In early August, former NBA All-Star Shawn Kemp found himself back in the news, thanks to the hoops success of his son, Shawn Kemp Jr., who is headed to the elder Kemp's old stomping grounds to attend the University of Washington.
On Thursday, another member of Kemp's rather large and geographically spread family earned his father's public praise when the former NBA star told the Seattle Times that his 13-year-old son, Jamar, will attend Seattle (Wash.) O'Dea High. The decision caps an open period where it was undetermined where the younger Kemp would play.
"I think it's a good fit," Shawn Kemp Sr. told the Times' Mason Kelly. "Our family's got a pretty big history at O'Dea. It's a good situation for our family."
While it's too early to know if the younger Kemp will achieve the success of his father or elder half brother, he's certainly off to a good start. The powerful guard has deceptive speed for his 5-foot-11, 179-pound frame, and he is expected to add more height during his high school years.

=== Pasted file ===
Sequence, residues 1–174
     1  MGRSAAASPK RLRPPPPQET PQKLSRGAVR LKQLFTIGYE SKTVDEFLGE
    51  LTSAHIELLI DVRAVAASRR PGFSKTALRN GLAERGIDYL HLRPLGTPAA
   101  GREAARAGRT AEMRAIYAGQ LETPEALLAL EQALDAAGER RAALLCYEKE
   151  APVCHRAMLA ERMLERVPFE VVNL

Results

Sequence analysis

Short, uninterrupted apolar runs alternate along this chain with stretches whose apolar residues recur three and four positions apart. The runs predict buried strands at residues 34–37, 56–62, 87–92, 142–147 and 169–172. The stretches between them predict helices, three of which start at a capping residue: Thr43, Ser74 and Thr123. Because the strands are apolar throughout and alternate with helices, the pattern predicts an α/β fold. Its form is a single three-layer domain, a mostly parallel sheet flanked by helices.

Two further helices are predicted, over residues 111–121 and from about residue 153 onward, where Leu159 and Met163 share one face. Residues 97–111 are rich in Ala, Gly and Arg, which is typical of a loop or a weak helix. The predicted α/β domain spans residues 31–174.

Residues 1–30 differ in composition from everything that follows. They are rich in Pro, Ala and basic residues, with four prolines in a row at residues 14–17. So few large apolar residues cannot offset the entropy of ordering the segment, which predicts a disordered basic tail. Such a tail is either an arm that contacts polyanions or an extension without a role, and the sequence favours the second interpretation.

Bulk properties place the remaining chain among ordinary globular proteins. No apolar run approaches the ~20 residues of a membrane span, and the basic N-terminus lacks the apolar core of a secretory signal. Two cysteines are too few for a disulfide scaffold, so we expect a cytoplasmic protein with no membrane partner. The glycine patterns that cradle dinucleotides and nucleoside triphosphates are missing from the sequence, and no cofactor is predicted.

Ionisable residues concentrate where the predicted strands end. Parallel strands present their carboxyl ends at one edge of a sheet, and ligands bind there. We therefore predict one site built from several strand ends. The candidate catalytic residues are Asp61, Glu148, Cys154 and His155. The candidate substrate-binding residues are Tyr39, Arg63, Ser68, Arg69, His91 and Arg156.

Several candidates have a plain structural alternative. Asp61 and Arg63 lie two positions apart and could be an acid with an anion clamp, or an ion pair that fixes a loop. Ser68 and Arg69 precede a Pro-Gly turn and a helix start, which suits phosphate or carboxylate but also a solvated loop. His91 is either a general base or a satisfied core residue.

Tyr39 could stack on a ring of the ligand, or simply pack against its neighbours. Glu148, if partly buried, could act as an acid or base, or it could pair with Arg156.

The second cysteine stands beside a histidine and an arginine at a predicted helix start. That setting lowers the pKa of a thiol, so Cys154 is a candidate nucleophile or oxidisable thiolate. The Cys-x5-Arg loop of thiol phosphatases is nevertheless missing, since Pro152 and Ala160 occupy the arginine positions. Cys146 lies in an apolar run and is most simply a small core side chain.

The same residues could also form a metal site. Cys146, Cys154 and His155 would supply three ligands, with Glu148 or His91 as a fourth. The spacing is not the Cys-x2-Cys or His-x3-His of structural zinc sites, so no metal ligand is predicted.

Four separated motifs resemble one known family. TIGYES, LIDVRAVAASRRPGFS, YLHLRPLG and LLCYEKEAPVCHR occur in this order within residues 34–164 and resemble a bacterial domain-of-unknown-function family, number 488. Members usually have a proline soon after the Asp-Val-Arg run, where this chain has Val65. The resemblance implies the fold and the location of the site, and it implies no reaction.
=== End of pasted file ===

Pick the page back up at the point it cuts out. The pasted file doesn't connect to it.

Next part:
In his time with the Seattle Speed Elite AAU program (whose figurehead is Atlanta Hawks guard Jamal Crawford), Jamar Kemp reportedly showed a surprising knack for refined ball skills, a talent that could make him an extremely versatile recruit as he adds height in his later years. That factor also has his father convinced he will eventually turn into a top-flight point-forward prospect.
"He's put in a lot of work," Shawn [Sr.] said. "He's a pretty good player. My son at the UW, Shawn Jr., is more of an inside player. Jamar is more of a finesse player. He's a really good shooter. He dribbles the ball very well, more of an outside guy, kind of a point-forward type of player."
And no matter what happens with Jamar's high school career, playing at O'Dea will give him the chance to build deeper family bonds with both his father and his half brother at the University of Washington, something he never got a chance to do when Shawn Jr. was growing up in the Atlanta area.
"It's just fun for us, because you never know if they're going to take after you when they get older or not," Shawn Kemp Sr. told the Times. "I'm just happy they want to be involved with sports, really."